Its even worse when you look at the sales figures for many exhibitors. Take a typical small time supplier who buys a 3x1m stand at trade show for £1,200. Including all other aforementioned costs, the bill for doing the show is £2,000 all in. If they have 50% gross margin on their products they need to take £4,000 at the show to break even. Say they still exhibit and take 5 orders at an average order value of £200 totalling £1,000. On the face of it this looks like a £3,000 loss. Even if they take 25 leads at the show and convert one in five into an average order of £200 they only make an extra £1,000 and are still down by £2,000.


Its a similar situation for an independent retailer who has spent £500 or more in expenses to visit the trade show only to find one new supplier. If they are working to 50% gross margin they need to buy and sell a £1,000 worth of stock at the show o make the visit pay for itself.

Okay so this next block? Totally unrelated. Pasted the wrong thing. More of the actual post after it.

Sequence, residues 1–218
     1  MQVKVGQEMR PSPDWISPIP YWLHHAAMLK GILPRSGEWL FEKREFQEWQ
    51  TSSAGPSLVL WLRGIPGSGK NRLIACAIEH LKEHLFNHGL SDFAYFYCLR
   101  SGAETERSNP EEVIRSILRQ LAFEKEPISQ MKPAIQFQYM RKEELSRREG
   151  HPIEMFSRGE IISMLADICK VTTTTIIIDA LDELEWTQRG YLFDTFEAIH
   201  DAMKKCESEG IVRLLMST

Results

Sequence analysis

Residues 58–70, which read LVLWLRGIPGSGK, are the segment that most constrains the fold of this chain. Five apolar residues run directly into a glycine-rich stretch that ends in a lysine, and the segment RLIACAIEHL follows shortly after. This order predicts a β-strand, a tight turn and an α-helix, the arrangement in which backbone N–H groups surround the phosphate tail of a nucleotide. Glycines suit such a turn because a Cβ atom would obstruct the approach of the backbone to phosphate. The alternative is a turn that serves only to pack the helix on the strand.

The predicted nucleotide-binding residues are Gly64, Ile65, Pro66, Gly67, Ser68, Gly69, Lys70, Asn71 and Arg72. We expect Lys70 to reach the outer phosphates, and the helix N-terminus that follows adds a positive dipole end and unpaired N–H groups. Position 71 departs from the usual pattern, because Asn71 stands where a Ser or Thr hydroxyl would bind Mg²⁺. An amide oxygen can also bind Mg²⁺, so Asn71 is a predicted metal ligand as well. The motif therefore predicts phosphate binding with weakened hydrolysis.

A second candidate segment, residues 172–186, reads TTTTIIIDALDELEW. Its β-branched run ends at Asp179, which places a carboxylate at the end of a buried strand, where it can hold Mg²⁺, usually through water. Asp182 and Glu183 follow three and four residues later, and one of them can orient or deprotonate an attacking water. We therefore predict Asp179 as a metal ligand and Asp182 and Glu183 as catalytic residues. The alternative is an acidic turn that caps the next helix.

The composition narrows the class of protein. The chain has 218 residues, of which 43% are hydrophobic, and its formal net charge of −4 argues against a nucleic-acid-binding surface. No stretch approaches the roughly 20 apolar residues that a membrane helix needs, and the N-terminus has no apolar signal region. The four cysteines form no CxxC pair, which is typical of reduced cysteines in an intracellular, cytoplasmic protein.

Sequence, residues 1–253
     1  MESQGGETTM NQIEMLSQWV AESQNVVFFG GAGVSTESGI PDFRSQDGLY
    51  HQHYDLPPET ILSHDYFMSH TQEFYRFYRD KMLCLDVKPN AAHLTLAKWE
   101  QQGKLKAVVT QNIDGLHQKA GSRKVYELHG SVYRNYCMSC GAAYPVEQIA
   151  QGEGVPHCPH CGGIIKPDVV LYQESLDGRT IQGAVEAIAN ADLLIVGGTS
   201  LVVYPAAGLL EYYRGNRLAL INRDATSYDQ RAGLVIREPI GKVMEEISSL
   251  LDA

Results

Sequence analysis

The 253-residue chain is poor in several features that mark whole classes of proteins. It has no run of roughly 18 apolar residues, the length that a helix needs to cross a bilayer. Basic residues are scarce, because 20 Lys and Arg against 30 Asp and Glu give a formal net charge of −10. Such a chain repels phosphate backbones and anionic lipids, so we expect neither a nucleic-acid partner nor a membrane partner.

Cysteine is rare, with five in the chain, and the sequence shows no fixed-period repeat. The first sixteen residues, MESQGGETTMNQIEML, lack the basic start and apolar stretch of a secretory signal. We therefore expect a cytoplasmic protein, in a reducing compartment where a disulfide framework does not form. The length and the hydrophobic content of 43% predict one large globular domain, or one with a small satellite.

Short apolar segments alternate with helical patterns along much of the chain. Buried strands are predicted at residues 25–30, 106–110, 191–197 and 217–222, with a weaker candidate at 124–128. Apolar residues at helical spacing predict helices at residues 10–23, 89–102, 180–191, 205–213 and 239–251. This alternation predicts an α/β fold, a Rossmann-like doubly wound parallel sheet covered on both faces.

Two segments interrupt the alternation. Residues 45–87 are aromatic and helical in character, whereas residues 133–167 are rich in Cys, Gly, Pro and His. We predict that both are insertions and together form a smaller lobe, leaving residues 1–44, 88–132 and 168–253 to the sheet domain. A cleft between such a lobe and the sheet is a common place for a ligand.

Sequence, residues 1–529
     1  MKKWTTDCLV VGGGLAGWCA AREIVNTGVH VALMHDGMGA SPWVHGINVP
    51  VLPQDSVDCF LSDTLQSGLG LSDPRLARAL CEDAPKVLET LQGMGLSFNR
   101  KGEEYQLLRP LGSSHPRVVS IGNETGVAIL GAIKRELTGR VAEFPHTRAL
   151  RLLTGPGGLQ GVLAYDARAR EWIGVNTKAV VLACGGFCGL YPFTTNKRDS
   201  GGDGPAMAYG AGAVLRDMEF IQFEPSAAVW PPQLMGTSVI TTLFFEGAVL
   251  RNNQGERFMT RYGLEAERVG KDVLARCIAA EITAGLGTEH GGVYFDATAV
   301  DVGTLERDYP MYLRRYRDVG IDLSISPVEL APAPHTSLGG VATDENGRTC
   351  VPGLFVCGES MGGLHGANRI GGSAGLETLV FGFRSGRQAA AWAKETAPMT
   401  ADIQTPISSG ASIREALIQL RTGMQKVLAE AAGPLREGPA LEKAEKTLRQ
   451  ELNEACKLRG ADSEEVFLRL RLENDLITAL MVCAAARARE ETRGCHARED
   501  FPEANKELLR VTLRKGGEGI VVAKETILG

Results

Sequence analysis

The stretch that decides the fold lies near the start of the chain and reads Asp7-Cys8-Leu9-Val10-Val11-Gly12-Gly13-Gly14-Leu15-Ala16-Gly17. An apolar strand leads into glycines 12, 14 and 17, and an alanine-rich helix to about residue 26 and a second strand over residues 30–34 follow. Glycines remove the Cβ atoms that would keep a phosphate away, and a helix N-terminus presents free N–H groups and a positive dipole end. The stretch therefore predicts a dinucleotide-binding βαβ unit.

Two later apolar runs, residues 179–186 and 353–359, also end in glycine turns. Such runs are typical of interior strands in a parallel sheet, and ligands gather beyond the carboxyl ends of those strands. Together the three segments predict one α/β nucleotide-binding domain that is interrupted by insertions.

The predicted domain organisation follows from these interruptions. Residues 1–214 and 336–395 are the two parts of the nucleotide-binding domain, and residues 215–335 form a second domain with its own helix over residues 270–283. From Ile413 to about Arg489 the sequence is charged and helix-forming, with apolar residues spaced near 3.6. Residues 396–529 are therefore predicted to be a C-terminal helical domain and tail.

So why do I still exhibit at five trade shows a year and why do all the best retailers I know visit a similar number of shows? As with anything the value is in the detail and the amount we can accomplish when we focus on things. 


Lets take another look at our small exhibitor. Out of the orders they have taken as a result of the show at least half of them are from new customers. Their customers typically spend £500 per year with them and stay for an average of 5 years. That means each of the five new customers is actually worth £2,500 (5x£500). Plus, over the following five years, the five new customers are actually worth £12,500 to the supplier. They still also have 20 further sales leads that could convert at a later date. One of which could turn out to be key account with multiple outlets.